One effective response to help stem this problem is to raise the public assistance shelter allowance. Martha Moscowitz, an attorney with Empire Justice Center, and author of the report explains, “By raising the shelter allowance closer to the actual cost of rent, New York could protect families from eviction for failure to pay their rent. Families who avoid eviction are then prevented from entering the costly bureaucracy of homelessness. And families who avoid homelessness have children who are spared the incredible disruption in their emotional, physical, and educational development that homelessness creates. Those children are then better positioned to thrive in school and enter a productive adulthood,” said Moscowitz.
Another, equally pressing shortfall in the public assistance grant related to housing is the fuel allowance. On top of the difficulties of meeting basic rental expenses, for many families living outside of New York City, heating costs are incurred separately from their rent.
As Empire Justice’s report explains, public assistance recipients receive certain amounts to cover the cost of heating fuel, based on what county they live in and according to what type of heat a home requires. These fuel allowances have been in place, unchanged, since 1987. In contrast, the cost of oil heat has more than tripled since then, and although costs have recently moderated, the current cost of oil is approximately two times the cost it was in 1990. The cost of natural gas has nearly doubled since 1987 as well. As a consequence, the amount allotted to a public assistance recipient to pay for heat does not bear any resemblance to the actual cost of heat – pushing families into a repayment situation with the county that ultimately reduces their resources as the pay back what is owed.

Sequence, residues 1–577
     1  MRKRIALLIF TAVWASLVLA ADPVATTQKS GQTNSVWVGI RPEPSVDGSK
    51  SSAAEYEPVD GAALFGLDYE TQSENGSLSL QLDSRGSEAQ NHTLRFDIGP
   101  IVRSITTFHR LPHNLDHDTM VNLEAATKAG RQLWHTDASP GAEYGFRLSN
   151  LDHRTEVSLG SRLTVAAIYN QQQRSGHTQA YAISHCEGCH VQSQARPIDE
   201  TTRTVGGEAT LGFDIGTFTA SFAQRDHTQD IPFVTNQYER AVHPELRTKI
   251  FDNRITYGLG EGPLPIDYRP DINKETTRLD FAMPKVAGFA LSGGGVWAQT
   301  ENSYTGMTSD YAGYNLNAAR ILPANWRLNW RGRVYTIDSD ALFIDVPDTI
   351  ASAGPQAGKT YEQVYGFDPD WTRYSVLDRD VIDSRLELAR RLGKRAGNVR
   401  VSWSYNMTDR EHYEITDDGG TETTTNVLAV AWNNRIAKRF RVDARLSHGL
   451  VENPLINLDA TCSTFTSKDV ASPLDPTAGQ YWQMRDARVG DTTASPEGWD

“After 28 years at the same level, the fuel for heating allowance must be increased to an amount comparable to the market rate,” says Lilley. “The struggle to maintain heat in a home is particularly troublesome for public assistance recipients. Due to the low fuel allowance, they are not only unlikely to be able to pay an average heating bill, but, because of poorly weatherized homes, are also more likely to have higher-than-average heating bills,” explains Susan Antos, a Senior Attorney at Empire Justice.
Empire Justice Center’s report calls for an increase in both the shelter and the fuel allowance. The report recommends the following:
- Increase the shelter allowance to 50% of regional HUD Fair Market Rents consistent with family size as a down payment toward better meeting the housing needs of families and single people on public assistance. The cost of this adjustment will be offset by avoiding the substantially higher costs of housing homeless individuals and families as a result of the inadequacy of the shelter allowance.
- Increase the fuel for heating allowance to an amount commensurate with the market rate, and reassess the market rates on a regular basis and adjust the fuel for heating allowance accordingly.
“The Governor, Legislature and the Office of Temporary and Disability Assistance have the opportunity to make a public policy decision that will serve to both keep families in their homes and better utilize government resources by avoiding the much higher social and economic costs of paying for shelter. We look forward to working with them to make that happen. ” Brown Lilley concluded.